Client Communication and Delivery
The final piece of the headshot workflow is presenting the final edit to your client, communicating with them about their final selection, retouching and delivery of the high resolution files. The perfect partner in this workflow is Zenfolio. With Zenfolio, I can upload a gallery of photos and password protect the gallery and email the client a link, all from the Zenfolio dashboard. You can also watermark the previews with your logo or file of your choice, set whether or not they can download the images, even going so far as selecting the size(s) they can download, including the original high resolution files or the entire set.
The client then picks out their favorite image and adds this as a favorite. In this case, each member was able to select their favorite, then send that to me, along with any retouching notes from the gallery. The selects are retouched and then uploaded to the Zenfolio gallery, replacing the proof version. Then, the client is given a separate password to download the high resolution file. Zenfolio is a complete solution, so if you want to offer prints and products, you can do that as well. I even have a license agreement and release form that I upload as a JPEG to my headshot galleries.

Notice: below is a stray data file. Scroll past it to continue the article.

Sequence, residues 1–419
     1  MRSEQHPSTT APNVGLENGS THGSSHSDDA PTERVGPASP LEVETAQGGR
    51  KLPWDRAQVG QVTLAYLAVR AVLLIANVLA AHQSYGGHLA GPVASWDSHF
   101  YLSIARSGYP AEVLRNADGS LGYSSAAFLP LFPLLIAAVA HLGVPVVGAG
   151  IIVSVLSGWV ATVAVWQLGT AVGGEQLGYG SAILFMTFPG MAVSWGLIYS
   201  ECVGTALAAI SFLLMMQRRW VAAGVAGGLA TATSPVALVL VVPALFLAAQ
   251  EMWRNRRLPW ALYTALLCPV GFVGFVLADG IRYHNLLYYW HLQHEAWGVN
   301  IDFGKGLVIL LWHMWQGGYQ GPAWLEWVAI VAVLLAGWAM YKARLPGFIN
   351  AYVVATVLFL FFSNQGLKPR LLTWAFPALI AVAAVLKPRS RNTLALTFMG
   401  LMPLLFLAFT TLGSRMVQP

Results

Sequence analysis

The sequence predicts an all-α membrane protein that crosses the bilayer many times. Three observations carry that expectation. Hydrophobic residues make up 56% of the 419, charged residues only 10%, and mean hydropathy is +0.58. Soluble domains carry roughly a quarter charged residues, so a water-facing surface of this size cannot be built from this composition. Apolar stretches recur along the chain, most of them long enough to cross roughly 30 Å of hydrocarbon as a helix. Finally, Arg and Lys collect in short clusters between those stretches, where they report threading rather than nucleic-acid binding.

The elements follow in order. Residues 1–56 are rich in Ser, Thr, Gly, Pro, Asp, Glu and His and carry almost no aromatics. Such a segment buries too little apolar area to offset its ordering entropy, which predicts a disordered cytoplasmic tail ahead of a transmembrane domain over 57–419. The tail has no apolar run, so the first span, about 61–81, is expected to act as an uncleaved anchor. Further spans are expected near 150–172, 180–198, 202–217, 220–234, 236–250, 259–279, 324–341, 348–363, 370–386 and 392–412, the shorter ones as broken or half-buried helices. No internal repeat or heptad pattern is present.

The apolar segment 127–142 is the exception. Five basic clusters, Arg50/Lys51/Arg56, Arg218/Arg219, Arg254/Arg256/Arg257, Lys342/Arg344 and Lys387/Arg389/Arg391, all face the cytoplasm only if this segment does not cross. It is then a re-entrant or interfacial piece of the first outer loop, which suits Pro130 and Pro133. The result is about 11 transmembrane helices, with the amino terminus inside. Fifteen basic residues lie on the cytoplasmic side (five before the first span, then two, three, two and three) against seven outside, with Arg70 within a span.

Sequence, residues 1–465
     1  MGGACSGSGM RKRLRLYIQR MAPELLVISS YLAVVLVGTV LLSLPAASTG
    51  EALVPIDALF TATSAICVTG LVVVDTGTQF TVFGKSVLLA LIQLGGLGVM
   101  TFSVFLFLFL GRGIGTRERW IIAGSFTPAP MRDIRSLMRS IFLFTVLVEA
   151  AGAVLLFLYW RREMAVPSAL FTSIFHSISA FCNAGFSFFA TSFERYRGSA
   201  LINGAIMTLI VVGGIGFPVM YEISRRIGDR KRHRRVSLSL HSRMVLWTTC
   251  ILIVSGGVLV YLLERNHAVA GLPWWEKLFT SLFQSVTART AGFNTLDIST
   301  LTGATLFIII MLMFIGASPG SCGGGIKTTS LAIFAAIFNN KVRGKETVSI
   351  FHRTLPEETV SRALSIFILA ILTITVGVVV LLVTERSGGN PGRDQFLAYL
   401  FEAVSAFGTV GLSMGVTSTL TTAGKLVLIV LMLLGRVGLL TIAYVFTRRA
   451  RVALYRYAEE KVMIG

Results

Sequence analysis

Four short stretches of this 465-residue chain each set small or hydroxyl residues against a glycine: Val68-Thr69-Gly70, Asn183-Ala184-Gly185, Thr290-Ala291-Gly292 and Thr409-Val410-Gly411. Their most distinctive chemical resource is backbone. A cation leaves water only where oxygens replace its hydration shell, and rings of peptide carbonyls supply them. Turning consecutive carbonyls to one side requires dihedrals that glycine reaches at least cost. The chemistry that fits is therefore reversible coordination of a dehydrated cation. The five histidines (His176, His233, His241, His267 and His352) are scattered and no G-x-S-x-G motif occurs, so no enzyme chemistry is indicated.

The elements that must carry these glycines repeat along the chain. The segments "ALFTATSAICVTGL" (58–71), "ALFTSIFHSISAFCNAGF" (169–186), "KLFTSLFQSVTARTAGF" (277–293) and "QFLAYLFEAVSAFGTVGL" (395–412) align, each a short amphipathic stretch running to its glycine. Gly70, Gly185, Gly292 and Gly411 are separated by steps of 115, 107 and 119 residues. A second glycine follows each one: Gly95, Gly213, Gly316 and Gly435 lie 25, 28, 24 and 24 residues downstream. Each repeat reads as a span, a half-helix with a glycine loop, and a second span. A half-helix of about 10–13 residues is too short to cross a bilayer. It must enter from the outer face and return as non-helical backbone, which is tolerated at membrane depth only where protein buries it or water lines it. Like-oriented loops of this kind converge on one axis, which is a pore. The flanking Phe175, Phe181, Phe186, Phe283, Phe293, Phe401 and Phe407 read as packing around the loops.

Best of all, your Zenfolio gallery becomes an offsite archive of your work. Set an expiration date for the gallery or keep it up indefinitely. I’ve found this is a great source of confidence for my clients. They have the peace of mind their files are available in case they lose them, a hard drive crashes or they’re working outside the office and need access to their headshots.
Wrapping It Up